There were further signs that inflation may have peaked this month as UK CPI inflation was recorded at 8.70% in April, a marked decline compared to the 10.10% recorded in March. This represented the largest decline in annual inflation figures since 2021 when interest rates started to climb. While it is to be welcomed that inflation has fallen below the double-digit mark, investors were disappointed the headline figure exceeded consensus forecasts of 8.20% suggesting higher inflation remains in the system.
Part of the reason for the decline in the rate of inflation is the impact of energy prices and the relative effect of the energy price cap rise in April 2022. However it will come as no surprise to many households feeling the strains of cost-of-living increases, that food prices continue to be a key driver of inflationary rises, with the pace of inflation remaining at 45-year highs. The Office for National Statistics (ONS) recorded overall food prices rising by 19% in the year to April 2023.
To add further pressure on households, much of this rise is due to increased prices on staple items. For example, rice, flour, pasta, eggs, and fruit, were all subject to increases exceeding the headline figure. This has led to calls for a closer look at the food supply chain, with citations of ‘greedflation’ as food producers stand accused of raising prices further than necessary under the excuse of increased costs.
With CPI falling below 10%, the focus will shift to the pace of decline, as the Bank of England works to restore it to the target level of 2%. This is a significant challenge given the second-round effects of inflation, such as wage increases. Private sector pay growth averaged 7%, with the public sector at 5.60%, annualised, in the period between January and March this year. Despite previous unwelcome comments from officials, this is understandable, as employees seek to protect their standard of living, amid budgetary pressures.
The Bank of England raised interest rates by a further 0.25% to 4.50%, earlier in the month, a 12th consecutive increase. This followed similar moves by the Federal Reserve and European Central Bank. The Bank noted that inflation is expected to stay higher for longer and remain above the 2% target level until after the next election, which must be called before the end of 2024. This was accompanied by a more upbeat assessment of the economy, noting stronger-than-expected consumer expenditure, and rising business confidence, with the UK expected to avoid a recession, as growth forecasts are upgraded.
The housing market has also been more resilient than previously forecast. An element of caution is required, as forecasting amid a succession of interest rate increases is challenging, due to the delayed impact of said actions, which can take 9 months or more to have any effect. The impact will be felt by millions of homeowners, who fall off fixed-rate mortgages and face more expensive refinancing or move onto variable-rate mortgages. To counter these pressures, household energy bills are expected to fall from the summer.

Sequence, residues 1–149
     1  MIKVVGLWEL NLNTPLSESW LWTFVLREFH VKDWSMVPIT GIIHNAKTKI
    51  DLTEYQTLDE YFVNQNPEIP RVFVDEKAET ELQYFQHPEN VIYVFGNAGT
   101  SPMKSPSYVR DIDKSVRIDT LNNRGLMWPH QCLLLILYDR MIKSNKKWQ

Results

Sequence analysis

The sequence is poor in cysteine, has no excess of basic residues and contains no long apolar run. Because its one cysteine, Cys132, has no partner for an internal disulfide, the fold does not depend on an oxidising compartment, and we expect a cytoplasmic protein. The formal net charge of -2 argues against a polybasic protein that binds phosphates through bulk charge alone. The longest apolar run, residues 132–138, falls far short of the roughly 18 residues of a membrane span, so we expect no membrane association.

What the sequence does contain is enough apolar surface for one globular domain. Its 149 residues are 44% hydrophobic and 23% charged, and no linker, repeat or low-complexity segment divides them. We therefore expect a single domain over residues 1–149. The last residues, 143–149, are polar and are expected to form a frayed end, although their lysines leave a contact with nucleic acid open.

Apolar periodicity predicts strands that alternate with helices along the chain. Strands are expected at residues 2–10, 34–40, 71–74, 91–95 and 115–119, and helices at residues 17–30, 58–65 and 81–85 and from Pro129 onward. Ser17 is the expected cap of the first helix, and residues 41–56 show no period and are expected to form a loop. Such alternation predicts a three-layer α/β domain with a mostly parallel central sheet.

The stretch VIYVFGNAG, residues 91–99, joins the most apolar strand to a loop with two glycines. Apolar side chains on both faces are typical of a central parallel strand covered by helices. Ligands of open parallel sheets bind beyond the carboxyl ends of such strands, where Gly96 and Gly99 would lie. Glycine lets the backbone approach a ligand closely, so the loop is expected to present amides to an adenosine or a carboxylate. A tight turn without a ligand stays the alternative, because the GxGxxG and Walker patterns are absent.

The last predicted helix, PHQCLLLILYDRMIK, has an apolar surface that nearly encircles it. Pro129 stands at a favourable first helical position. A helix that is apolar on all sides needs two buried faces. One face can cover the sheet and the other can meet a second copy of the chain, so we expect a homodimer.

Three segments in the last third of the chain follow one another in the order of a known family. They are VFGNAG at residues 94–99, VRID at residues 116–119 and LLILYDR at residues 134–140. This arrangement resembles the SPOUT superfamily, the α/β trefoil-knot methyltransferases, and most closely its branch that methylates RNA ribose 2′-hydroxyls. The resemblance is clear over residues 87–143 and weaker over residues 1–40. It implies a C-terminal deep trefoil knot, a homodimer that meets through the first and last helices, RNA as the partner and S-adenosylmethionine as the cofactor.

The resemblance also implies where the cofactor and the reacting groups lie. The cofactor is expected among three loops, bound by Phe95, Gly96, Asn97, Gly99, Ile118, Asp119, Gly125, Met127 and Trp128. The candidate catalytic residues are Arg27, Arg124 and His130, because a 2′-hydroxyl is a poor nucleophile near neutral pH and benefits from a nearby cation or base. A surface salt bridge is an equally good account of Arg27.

One area of potential concern currently for investors, particularly in the US, is the protracted discussions over the US ‘debt ceiling’. In simple terms, the ‘debt ceiling’ places a limit on the total amount of government debt the US can legally have. Without ‘raising’ the debt ceiling, estimates suggest that the government could run out of money by the beginning of June 2023, risking a debt default, which could be greatly damaging to both the domestic and global economy.
However, this is not expected to happen. History has shown that beyond partisan brinkmanship, compromises are found. However, as time passes without a deal, the chance of a compromise not happening increases. Financial markets do not like uncertainty and a question of ‘might’ has resulted in markets becoming more nervous.
Raising the debt ceiling is necessary to facilitate expenditure that has previously been approved. Treasury Secretary, Janet Yellen, forecasted that a debt default in early June ‘” is highly likely” without a deal, which places a great obligation on the talks between the Republican House of Representatives Speaker, Kevin McCarthy and the Democrat President, Joe Biden. The issue is therefore a political one. It is hoped that despite differences, both parties will ultimately put country first. The performance of US stock markets in recent months has been positive for investors as, despite these concerns, an improving economic outlook and better-than-expected company reports have boosted forecasts.
These acts of high-stakes political theatre serve as a reminder that governments around the world face challenges to live within their means. This can also be seen closer to home, with UK borrowing for April 2023 increasing to £25.60bn, swelled, by amongst other things, rising debt costs. Issuing long-dated, inflation-linked debt, appeared compelling when price rises were benign, but has become uncomfortably expensive as inflation soared. This has made it difficult for the government to boost the economy via tax cuts, as the need to maintain fiscal credibility is paramount.
It has been a challenging year to date for fixed-income investors as rising interest rates and yields have had a negative impact on the capital values of bonds. The ten-year gilt yield has risen above 4%, with the 30-year yield exceeding 4.50%. On a brighter note, fixed income investors can now access competitive yields.